l1_solver.Solve(b, &x);
// x now contains the solution that minimizes Ax  b under L1 norm.

class
DominantEigensolver
¶ This class finds the dominant eigenvalue/eigenvector pair of a given matrix using power iterations. We use a generic interface that utilizes the
LinearOperator
class so that the user may determine who the dominant eigenvalues are computed. For instance, by passing theSparseInveseLULinearOperator
theDominantEigensolver
performs inverse power iterations and thus the smallest eigenvalue/eigenvector pair may be computed. This is useful for recovering a null space vector.

void
GaussJordan
(Eigen::MatrixBase<Derived> *input, int max_rows = 99999)¶ Perform traditional GaussJordan elimination on an Eigen3 matrix. If
max_rows
is specified, it will on perform GaussJordan on the firstmax_rows
number of rows. This is useful for problems where your system is extremely overdetermined and you do not need all rows to be solved.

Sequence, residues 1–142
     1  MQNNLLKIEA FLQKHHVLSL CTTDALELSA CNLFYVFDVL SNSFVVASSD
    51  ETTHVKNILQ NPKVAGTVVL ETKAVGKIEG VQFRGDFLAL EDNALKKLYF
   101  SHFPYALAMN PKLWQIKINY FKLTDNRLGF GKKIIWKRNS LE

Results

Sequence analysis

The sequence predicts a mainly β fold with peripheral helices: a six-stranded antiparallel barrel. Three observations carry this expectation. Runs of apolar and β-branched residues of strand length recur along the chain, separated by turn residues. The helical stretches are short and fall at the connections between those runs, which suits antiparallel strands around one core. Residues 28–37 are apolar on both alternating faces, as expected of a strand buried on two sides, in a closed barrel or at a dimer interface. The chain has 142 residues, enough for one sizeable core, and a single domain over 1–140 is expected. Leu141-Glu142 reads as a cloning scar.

Sequential Probability Ratio Test¶
Modified version of Wald’s SPRT as [Matas] et. al. implement it in “Randomized RANSAC with Sequential Probability Ratio Test”

double
CalculateSPRTDecisionThreshold
(double sigma, double epsilon, double time_compute_model_ratio = 200.0, int num_models_verified = 1)¶ sigma
: Probability of rejecting a good model (Bernoulli parameter).epsilon
: Inlier ratio.time_compute_model_ratio
: Computing the model parameters from a sample takes the same time as verification of time_compute_model_ratio data points. Matas et. al. use 200.num_model_verified
: Number of models that are verified per sample.Returns
: The SPRT decision threshold based on the input parameters.

bool
SequentialProbabilityRatioTest
(const std::vector<double> &residuals, double error_thresh, double sigma, double epsilon, double decision_threshold, int *num_tested_points, double *observed_inlier_ratio)¶ Modified version of Wald’s SPRT as [Matas] et. al. implement it in “Randomized RANSAC with Sequential Probability Ratio Test”. See the paper for more details.
residuals
: Error residuals to use for SPRT analysis.error_thresh
: Error threshold for determining when Datum fits the model.sigma
: Probability of rejecting a good model.epsilon
: Inlier ratio.decision_threshold
: The decision threshold at which to terminate.observed_inlier_ratio
: Output parameter of inlier ratio tested.